I don’t suppose you walked here on the sea.

+++ No other Odysseus will ever come,for he and I are one, the same; his bitterfortune and his wanderings are mine.Twenty years gone, and I am back againon my own island. +++ Of mortal creatures, all that breathe and move,earth bears none frailer than mankind…Our minds are as the days are, dark or bright,blown over by the father of gods and men. — Book 18, 160 +++ As translated by Roger Fitzgerald. Farrar, Straus and Giroux, New York, New York: 1998.

The Odyssey

+++ What shall Isay first? What shall I keep until the end?The gods have tried me in a thousand ways.But first my name: let that be known to you,and if I pull away from pitiless death,friendship will bind us, though my lands lie far.I am Laertes son, Odysseus. – Book 9, ‘New Coasts and Poseidon’s Son’ lines 15-20. … in one stride he clutched at my companionsand caught two in his hands like squirming puppiesto beat their brains out, spattering the floor. -315 – 320 … Should destinyintend that he shall see his roof againamong his family in his father…

The Odyssey is the weirdest

“He made his way to a grove above the wateron open ground, and crept under twin bushesgrown from the same spot — olive and wild olive —a thicket proof against the stinging windor Sun’s blaze; fine soever the needling sunlight;nor could a downpour wet it through, so densethose plants were interwoven. Here Odysseustunneled, and raked together with his handsa wide bed — for a fall of leaves was there,enough to save two men or maybe threeon a winter night, a night of bitter cold.Odysseus’ heart laughed when he saw his leaf-bed,and down he lay, heaping more leaves above him. A…

The Iliad, books 18 – 24

++++++++++++++++++++++++++++++ Imagine how the pyre of a burning townwill tower to heaven and be seen for milesfrom the island under attack, while all day longoutside their town, in brutal combat, pikemensuffer the wargod’s winnowing; at sundownflare on flare is lit, the signal firesshoot up for other islanders to see,that some relieving force in ships may come:just so the baleful radiance from Akhilleuslit the sky. – Book 18, The Immortal Shield, lines 240 – 255 +++++++++++++++++++++++++++++++ You see, don’t you, how largeI am, how well-made? My father is noble,a goddess bore me. Yet death waits for me,for me as well, in…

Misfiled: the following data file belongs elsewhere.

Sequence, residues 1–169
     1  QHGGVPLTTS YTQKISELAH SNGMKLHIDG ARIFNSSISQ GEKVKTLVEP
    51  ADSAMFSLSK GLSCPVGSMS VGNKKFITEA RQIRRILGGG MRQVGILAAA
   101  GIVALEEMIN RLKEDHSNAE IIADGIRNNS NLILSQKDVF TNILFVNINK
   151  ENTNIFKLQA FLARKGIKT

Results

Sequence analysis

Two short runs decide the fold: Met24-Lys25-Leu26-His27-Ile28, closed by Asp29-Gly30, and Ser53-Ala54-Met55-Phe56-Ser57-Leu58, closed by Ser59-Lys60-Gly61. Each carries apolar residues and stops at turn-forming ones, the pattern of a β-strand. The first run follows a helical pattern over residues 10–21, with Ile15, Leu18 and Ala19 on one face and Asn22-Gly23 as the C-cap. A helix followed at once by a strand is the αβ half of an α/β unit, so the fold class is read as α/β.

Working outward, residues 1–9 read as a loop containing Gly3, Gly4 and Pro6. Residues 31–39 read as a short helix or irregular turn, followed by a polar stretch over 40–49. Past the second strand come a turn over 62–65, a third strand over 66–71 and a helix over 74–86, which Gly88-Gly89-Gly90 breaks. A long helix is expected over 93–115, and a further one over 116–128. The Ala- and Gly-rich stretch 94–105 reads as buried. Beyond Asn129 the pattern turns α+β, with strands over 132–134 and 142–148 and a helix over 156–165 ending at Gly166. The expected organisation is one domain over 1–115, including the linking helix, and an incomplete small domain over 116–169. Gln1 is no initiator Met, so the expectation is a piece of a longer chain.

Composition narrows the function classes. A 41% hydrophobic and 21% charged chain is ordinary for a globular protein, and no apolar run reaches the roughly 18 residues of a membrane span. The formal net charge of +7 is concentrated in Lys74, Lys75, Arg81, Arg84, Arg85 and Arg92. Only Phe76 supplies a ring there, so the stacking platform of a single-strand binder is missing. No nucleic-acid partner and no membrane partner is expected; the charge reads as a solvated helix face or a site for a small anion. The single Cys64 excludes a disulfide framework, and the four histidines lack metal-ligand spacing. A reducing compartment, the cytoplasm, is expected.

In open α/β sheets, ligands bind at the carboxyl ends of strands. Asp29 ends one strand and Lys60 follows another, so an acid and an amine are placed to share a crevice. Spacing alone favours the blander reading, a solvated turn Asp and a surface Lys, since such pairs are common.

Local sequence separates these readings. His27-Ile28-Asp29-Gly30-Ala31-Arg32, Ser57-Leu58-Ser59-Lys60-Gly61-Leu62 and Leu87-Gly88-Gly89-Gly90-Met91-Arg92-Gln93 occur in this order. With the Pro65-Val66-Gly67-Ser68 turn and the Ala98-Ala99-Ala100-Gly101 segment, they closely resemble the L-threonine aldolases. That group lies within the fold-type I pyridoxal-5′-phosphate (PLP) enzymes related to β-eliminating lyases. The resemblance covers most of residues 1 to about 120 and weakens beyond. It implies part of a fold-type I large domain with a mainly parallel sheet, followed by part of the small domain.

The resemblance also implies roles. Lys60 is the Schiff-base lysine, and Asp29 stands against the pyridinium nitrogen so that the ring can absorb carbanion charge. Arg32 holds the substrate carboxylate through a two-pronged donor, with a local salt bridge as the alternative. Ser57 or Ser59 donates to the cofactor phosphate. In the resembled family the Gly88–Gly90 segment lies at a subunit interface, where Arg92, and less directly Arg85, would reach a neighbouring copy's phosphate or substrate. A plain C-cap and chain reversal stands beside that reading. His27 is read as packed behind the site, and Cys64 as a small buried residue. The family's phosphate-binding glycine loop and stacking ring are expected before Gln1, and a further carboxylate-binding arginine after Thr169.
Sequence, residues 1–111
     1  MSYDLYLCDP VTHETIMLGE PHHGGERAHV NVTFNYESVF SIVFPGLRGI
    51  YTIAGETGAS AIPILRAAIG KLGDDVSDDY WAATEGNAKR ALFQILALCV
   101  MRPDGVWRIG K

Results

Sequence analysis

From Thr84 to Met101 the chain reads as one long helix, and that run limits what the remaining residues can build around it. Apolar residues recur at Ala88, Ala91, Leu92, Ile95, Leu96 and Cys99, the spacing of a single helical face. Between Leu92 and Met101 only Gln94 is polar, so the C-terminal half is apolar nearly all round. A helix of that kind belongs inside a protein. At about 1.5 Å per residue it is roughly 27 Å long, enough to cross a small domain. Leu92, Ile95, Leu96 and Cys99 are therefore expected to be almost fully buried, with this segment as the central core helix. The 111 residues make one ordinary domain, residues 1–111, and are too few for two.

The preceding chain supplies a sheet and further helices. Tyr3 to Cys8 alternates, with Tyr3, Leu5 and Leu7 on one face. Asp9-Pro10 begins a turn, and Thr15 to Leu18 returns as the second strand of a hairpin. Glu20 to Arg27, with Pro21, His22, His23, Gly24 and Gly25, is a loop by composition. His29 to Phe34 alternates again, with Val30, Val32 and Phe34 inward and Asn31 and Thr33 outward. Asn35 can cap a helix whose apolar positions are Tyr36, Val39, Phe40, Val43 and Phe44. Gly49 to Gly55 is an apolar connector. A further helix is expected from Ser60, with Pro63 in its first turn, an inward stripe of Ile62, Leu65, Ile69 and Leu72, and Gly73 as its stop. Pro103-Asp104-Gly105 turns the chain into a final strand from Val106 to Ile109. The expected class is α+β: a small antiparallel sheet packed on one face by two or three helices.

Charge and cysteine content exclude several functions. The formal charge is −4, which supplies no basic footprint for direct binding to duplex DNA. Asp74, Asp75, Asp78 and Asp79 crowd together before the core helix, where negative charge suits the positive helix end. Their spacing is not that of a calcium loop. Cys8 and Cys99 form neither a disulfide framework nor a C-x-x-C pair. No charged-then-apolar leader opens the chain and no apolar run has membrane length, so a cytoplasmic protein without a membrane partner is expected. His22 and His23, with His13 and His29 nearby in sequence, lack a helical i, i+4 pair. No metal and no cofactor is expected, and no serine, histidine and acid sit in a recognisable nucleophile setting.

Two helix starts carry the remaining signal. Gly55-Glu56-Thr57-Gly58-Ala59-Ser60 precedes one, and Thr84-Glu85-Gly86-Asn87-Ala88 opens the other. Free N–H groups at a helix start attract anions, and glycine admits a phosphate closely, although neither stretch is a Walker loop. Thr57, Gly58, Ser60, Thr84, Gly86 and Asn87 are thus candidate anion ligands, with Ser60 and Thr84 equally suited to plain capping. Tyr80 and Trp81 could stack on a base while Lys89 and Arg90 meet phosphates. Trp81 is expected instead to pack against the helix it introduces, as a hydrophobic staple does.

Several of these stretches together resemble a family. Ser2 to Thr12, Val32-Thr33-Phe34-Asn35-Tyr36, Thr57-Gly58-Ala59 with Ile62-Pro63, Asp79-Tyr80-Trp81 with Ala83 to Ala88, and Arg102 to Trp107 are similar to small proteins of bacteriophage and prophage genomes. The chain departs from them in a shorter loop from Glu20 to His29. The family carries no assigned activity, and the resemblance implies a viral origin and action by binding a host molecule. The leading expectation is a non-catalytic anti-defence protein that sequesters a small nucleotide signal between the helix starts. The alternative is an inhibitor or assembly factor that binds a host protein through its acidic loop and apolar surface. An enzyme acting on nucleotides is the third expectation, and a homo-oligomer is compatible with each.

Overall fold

The Iliad, books 1 – 17

+++ “The cry went out, the men came crowding, officers from their commander’s side went swiftly down to form each unit — and the grey-eyed goddess Athena kept the pace behind them, bearing her shield of storm, immortal and august, whose hundred golden-plaited tassels, worth a hecatomb each one, floated in air. So down the ranks that dazzling goddess went to stir the attack, and each man in his heart grew strong to fight and never quit the melee, for at her passage war itself became lovelier than return, lovelier than sailing in the decked ships to their own native…

The Razor’s Edge

+++ Favorite moments from The Razor’s Edge by W. Somerset Maugham. It’s Tender is the Night with a heart of gold. Such a dream to read. +++ “You make me tired. D’you think I sacrificed myself to let Larry fall into the hands of a raging nymphomaniac?” “How did you sacrifice yourself?” “I gave up Larry for the one and only reason that I didn’t want to stand in his way.” “Come off it, Isabel. You gave him up for a square-cut diamond and a sable coat.” The words were hardly out of my mouth when a plate of bread…